Even in a comic buying era increasingly defined by digital comics and "waiting" for trades and hardcovers, very few readers will ever completely be able shed single issues or standalone print releases. But that doesn't mean singles must be relegated to the shelfless and largely share-less purgatory of storage. Alex Rodriguez has devised a customizable binding platform called Compiler that allows comic owners to effectively collect the books of their choice (like, say, Jack Kirby's 2001: A Space Odyssey books or Archie's Mighty Mutanimals minis) into a sturdy tome that can be switched up on the fly. Like Iron Man's mid-1990s armor, Compiler is modular.

Compiler binders consist of a number of slat elements, pins, screws and a clear plastic cover to provided user customization. The basic Compiler model is capable of containing up to five comics, which is roughly equivalent to how long limited series run. Those who buy two binders can combine Compiler elements to hold up to 10 issues and so on. The system is somewhat evocative of the large spring-loaded magazine covers you might see in a library or waiting room, but customizable and fitted specifically for most standard-sized comics. Librarians and dentist offices could probably stand to upgrade, actually. As someone who worked in a public library system for nearly a decade shelving, circulating and curating materials, Compiler seems like it could extend the lifespan on single issues considerably.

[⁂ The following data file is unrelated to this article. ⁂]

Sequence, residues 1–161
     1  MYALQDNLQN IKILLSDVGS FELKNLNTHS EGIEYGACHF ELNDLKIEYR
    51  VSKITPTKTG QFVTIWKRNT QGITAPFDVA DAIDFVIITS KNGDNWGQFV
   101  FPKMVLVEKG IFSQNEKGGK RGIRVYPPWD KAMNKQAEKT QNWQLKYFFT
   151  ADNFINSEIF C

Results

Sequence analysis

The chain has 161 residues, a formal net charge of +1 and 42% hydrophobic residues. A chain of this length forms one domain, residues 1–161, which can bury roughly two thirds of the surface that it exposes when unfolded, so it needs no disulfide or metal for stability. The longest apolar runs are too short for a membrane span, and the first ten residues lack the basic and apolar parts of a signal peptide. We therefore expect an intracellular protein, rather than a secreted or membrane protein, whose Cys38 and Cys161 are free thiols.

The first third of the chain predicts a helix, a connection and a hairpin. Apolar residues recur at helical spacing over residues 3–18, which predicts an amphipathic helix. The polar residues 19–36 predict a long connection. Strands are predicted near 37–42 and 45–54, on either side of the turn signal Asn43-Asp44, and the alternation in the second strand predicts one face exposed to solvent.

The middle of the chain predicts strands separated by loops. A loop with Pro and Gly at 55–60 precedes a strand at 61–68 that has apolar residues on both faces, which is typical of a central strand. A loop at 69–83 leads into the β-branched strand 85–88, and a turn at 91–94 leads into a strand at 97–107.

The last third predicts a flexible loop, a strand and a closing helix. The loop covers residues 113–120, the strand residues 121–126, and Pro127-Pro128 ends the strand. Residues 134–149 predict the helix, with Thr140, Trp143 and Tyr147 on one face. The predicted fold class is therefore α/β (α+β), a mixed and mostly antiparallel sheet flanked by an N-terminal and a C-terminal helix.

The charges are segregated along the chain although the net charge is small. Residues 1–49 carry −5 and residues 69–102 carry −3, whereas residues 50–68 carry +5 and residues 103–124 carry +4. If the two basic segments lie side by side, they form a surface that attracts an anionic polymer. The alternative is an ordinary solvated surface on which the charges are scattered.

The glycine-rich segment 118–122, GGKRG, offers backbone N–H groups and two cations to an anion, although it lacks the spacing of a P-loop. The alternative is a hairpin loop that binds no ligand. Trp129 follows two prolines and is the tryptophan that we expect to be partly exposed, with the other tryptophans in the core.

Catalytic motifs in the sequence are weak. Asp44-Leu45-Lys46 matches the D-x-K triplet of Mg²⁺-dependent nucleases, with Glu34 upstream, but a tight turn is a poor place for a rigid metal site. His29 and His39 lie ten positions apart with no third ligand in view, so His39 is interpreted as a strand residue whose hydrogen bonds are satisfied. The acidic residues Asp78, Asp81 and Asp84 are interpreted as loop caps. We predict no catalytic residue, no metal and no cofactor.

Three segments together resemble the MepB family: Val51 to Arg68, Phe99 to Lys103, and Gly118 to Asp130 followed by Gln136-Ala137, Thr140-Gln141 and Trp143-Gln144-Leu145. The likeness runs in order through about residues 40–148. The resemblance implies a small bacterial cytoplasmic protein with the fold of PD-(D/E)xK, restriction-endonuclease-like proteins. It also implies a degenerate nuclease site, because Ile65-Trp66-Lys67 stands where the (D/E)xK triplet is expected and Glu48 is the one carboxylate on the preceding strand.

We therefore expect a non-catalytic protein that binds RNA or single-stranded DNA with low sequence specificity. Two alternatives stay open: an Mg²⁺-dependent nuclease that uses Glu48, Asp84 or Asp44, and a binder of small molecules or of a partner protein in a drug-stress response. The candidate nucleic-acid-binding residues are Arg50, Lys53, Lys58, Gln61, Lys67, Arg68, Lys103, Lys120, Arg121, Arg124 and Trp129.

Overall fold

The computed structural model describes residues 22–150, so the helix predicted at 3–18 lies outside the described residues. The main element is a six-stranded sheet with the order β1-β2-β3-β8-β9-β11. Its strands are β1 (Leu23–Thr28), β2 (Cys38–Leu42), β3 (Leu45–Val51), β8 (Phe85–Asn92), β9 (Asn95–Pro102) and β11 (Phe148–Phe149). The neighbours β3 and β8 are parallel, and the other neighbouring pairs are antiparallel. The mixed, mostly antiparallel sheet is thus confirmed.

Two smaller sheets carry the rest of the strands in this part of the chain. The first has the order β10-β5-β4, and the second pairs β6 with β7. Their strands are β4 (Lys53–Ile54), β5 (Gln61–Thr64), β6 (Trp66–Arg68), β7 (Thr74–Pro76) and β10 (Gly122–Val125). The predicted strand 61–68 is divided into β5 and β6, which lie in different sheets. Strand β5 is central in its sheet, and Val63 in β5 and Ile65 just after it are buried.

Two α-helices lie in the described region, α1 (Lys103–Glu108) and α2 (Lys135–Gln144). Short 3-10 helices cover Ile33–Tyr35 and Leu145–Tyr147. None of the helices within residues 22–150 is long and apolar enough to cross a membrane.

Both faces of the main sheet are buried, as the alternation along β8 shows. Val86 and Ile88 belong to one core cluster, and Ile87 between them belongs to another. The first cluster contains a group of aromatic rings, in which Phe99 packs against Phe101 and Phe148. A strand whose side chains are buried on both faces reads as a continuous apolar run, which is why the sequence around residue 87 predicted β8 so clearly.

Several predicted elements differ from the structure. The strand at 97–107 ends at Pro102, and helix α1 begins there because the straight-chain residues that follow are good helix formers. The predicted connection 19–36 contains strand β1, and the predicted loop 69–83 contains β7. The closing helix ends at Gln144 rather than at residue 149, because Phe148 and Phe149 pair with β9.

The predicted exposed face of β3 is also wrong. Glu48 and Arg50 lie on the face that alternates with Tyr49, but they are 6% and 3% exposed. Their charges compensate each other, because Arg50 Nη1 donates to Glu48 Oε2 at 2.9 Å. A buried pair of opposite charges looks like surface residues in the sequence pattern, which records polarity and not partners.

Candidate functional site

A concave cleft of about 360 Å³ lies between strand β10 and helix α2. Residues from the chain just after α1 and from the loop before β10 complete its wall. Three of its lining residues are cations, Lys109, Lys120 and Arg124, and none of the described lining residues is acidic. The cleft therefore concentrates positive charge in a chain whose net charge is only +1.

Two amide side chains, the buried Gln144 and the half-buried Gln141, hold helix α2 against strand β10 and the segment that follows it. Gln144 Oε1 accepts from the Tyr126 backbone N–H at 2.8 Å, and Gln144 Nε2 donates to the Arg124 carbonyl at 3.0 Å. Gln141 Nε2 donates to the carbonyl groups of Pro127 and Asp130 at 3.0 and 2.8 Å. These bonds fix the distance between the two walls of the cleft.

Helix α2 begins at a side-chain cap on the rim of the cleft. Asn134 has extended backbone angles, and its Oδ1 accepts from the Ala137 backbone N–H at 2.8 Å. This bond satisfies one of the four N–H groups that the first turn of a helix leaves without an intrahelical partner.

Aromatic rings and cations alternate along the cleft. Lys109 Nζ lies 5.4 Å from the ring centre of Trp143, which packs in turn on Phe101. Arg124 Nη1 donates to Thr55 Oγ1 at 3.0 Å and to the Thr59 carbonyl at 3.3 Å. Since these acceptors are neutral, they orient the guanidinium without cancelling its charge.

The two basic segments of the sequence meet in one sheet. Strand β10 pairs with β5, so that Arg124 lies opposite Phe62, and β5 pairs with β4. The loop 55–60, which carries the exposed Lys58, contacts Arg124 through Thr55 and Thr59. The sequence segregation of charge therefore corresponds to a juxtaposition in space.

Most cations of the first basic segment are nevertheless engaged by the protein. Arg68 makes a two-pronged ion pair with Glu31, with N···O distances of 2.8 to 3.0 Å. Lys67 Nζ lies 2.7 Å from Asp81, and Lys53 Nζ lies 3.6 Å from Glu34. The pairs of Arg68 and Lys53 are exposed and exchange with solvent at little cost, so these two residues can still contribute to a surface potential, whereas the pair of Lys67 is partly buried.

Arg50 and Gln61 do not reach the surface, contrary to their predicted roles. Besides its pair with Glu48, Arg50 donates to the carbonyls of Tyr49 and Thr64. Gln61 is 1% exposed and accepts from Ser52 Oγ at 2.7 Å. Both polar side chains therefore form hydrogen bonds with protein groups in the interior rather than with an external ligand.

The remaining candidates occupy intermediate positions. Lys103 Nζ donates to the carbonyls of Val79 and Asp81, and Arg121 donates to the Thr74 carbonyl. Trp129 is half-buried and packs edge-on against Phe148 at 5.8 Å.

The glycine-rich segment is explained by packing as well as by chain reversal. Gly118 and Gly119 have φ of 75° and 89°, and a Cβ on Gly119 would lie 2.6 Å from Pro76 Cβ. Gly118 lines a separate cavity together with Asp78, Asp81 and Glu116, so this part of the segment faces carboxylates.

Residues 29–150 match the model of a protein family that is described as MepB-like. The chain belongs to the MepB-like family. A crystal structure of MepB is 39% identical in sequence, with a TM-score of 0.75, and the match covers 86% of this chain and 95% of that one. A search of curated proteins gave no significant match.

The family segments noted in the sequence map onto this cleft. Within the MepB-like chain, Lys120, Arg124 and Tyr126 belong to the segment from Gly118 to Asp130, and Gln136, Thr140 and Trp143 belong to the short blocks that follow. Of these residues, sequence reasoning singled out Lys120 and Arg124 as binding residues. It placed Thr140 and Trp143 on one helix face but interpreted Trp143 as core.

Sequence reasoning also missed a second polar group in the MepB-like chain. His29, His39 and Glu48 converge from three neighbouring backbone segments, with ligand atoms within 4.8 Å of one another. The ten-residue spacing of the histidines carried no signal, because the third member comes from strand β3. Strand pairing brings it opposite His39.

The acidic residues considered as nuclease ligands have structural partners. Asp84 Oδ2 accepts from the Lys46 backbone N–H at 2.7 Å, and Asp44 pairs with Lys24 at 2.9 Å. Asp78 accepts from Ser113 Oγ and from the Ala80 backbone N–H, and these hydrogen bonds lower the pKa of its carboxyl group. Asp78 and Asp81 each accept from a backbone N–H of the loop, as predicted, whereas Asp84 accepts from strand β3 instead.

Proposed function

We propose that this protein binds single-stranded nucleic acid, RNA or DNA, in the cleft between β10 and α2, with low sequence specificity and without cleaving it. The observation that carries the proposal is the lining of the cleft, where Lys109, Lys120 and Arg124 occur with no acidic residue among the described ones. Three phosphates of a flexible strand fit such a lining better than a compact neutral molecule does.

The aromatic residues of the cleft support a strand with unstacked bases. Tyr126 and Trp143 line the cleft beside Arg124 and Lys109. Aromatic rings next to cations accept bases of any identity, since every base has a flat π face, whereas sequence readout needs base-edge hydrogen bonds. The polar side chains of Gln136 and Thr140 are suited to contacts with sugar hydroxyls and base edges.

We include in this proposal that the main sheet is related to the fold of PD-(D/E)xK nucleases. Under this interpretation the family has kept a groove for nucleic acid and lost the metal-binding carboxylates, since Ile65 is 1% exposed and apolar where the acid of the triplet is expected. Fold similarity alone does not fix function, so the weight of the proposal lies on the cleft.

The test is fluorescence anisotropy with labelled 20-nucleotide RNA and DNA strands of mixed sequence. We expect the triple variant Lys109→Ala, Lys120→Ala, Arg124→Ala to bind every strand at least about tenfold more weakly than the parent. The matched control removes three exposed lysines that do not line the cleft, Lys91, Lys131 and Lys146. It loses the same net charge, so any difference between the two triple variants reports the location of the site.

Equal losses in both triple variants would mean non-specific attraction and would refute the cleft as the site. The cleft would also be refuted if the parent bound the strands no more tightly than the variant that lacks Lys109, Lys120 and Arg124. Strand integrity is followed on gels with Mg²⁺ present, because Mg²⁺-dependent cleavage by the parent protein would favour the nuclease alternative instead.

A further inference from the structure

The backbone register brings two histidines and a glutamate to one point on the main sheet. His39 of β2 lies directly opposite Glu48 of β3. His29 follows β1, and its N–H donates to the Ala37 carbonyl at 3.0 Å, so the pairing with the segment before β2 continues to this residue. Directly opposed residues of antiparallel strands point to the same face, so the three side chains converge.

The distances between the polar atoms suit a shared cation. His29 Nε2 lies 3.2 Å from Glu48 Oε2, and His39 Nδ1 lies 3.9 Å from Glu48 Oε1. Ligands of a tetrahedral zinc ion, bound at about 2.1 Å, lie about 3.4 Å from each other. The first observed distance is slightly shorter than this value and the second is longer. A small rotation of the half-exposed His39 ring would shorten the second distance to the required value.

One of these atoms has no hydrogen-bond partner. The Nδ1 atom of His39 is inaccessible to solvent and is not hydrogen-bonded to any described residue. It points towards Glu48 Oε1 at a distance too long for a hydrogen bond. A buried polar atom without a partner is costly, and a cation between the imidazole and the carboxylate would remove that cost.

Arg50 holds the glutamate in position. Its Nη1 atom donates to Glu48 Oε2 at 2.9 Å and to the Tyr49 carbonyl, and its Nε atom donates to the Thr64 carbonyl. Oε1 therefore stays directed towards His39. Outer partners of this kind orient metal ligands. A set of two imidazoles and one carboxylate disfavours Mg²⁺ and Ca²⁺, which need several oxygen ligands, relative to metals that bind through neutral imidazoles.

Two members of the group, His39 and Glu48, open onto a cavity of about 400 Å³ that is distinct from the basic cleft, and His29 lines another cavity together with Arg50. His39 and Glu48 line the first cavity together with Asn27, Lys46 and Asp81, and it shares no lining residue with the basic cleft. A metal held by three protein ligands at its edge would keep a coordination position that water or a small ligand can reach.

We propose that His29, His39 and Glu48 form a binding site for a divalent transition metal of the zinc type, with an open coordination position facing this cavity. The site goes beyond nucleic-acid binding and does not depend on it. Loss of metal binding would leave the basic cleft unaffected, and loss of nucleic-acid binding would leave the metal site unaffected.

Rodriguez is seeking $10,000 to produce the binders with a little more than two weeks left for backers to fund the project. The $10 backing level gets backers the spine elements for one binder, the $15 backing level gets backers the binder plus a clear cover and the $20 level gets backers the binder plus a more traditional "hardcover" black cover. High backing levels introduce expansion packs and more binders. Overall the highest level of $100 seems like the best value, getting backers five complete binders with different colored covers. All binders have an estimated shipping date of January of 2014, meaning the project should have a fast turnaround.